Cairo (AFP) Oct 6, 2009
Whether President Hosni Mubarak runs for re-election in 2011 or gives way to his son Gamal, an opposition party sees UN nuclear watchdog head Mohamed ElBaradei as a strong contender for Egypt's top job.
A prominent candidate would give an unexpected boost to the opposition in its rivalry with Mubarak's National Democratic Party, a pillar of the Egyptian political system.
But several hurdles remain, not least of which is ElBaradei's reluctance to run.
To qualify for the race, Egyptian law states that a party candidate must have led or been a senior figure of a party for at least a year, and that the party itself must have been founded at least five years before the election.
As an independent, one must secure the backing of 250 elected members of parliament, including at least 65 from the lower house, 25 from the upper house and 10 from municipal councils -- all of which are dominated by the ruling NDP.
Members of the liberal Wafd opposition party's youth wing have nominated ElBaradei to head the party so that he can become a candidate.
"We have formed a popular committee to support ElBaradei and we will continue to mobilise to get him elected to the leadership of the party," said Mohammed Salah al-Sheikh, the support committee's coordinator.
The International Atomic Energy Agency head earned worldwide recognition by opposing US warnings -- which later proved false -- over an Iraqi nuclear programme that were used as grounds for the 2003 invasion of Iraq.
The IAEA director general, who is to step down from his post in November, is also a key player in the Iranian nuclear file and he was awarded a Nobel Peace prize in 2005.
"We think we can mobilise Egyptians around ElBaradei, he is accepted by Islamists, by the left and by liberals," Sheikh told AFP.
"We want him to be elected for just one term with the only goal of adopting a new constitution which would guarantee the separation of powers and establish a rule of law," said the 39-year-old.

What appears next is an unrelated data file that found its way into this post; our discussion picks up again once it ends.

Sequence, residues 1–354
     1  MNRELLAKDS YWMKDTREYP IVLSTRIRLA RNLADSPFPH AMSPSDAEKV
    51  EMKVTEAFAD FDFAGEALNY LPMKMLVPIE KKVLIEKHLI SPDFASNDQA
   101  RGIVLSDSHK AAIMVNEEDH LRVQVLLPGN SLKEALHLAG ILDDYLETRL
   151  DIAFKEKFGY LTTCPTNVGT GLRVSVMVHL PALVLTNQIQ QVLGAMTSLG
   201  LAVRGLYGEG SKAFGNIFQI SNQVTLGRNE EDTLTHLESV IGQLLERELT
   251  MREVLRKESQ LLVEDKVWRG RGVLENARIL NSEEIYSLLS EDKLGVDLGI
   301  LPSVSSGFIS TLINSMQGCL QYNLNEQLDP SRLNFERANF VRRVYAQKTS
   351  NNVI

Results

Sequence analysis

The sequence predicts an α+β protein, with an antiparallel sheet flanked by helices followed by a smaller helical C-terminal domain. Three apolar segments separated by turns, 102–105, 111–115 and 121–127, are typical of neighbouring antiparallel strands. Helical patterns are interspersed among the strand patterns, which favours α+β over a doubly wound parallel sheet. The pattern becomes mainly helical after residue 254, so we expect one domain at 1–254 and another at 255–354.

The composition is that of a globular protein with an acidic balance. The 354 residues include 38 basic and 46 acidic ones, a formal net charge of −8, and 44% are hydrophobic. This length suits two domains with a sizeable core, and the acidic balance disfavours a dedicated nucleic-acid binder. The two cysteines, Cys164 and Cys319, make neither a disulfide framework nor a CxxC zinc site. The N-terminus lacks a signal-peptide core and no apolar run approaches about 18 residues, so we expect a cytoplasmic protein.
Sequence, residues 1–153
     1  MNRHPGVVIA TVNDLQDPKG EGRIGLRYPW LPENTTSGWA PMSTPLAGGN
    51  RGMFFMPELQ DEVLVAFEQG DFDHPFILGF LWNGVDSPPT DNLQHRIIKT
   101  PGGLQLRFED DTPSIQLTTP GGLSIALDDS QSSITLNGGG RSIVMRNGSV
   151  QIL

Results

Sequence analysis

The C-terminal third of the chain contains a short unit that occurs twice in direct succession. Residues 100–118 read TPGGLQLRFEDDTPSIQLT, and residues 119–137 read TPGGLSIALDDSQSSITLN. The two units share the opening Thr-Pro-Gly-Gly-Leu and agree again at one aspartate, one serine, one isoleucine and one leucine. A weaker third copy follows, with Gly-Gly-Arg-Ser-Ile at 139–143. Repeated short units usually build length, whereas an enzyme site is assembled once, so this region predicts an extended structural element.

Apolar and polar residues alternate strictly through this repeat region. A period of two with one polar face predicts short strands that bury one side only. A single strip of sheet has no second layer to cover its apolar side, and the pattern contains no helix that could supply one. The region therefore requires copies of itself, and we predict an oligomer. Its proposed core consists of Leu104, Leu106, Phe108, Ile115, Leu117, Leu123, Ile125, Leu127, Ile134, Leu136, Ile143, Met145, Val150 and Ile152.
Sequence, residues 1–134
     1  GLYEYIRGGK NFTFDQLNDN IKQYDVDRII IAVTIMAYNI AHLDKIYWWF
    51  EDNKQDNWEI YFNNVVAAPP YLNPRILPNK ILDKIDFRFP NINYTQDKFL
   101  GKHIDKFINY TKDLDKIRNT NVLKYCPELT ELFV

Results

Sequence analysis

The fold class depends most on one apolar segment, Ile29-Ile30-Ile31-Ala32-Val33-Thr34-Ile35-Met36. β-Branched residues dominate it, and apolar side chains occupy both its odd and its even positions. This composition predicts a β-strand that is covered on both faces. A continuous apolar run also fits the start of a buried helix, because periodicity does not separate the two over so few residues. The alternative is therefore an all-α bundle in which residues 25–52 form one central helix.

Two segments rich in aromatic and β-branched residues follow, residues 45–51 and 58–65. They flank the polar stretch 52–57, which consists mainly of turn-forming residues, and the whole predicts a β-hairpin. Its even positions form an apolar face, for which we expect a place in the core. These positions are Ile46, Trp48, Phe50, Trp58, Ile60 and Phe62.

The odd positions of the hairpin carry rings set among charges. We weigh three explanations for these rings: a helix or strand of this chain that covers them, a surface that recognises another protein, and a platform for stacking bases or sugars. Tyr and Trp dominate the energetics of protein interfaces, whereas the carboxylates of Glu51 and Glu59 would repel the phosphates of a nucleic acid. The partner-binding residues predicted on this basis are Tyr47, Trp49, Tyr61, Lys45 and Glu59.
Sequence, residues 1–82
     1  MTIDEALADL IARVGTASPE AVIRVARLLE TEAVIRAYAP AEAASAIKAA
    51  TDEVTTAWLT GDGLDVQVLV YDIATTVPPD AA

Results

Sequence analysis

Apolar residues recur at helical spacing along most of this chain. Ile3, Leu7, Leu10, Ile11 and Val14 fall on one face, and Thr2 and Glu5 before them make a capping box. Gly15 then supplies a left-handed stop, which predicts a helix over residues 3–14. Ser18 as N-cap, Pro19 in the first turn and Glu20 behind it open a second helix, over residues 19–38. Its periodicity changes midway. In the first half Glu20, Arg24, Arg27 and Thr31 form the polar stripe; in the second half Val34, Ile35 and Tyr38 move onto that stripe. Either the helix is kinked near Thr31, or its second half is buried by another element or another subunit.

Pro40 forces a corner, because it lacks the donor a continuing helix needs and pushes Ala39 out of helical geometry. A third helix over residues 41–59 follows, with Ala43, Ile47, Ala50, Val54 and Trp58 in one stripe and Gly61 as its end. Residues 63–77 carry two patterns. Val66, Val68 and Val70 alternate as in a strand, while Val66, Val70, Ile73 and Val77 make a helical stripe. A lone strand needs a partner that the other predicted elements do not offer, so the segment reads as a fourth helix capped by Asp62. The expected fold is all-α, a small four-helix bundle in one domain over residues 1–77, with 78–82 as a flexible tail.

"We want to turn the page on despotism and corruption."
But party chief Mahmud Abaza warned it was too early for the youth wing's proposal. "The party must first decide whether it will participate or boycott the elections," he told AFP.
Another supporter of ElBaradei is the Kefaya movement, a political grouping which electrified Egypt's political scene in 2005 with a series of unprecedented anti-regime demonstrations.
Contacted by AFP, ElBaradei's office in Vienna said he did not wish to comment. But according to the Egyptian press, ElBaradei, 67, has recommended that his supporters "find a younger candidate."
While the press regularly portrays the president's 44-year-old-son Gamal as the "heir" to power, both father and son have been vague about their political intentions.
In 2011, Hosni Mubarak would have completed his fifth six-year term. Gamal regularly evades the question of running for the presidency, saying only that it is "hypothetical."
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US on defensive as Obama shuns Dalai Lama
Washington (AFP) Oct 5, 2009
The Dalai Lama on Monday started his first Washington visit in nearly two decades to lack a presidential meeting, as Barack Obama's administration insisted it still respected the Tibetan leader. Fellow Tibetan exiles welcomed the globetrotting 74-year-old monk as he arrived at his Washington hotel, starting a week in the US capital to feature spiritual teachings and talks with congressional ... read more
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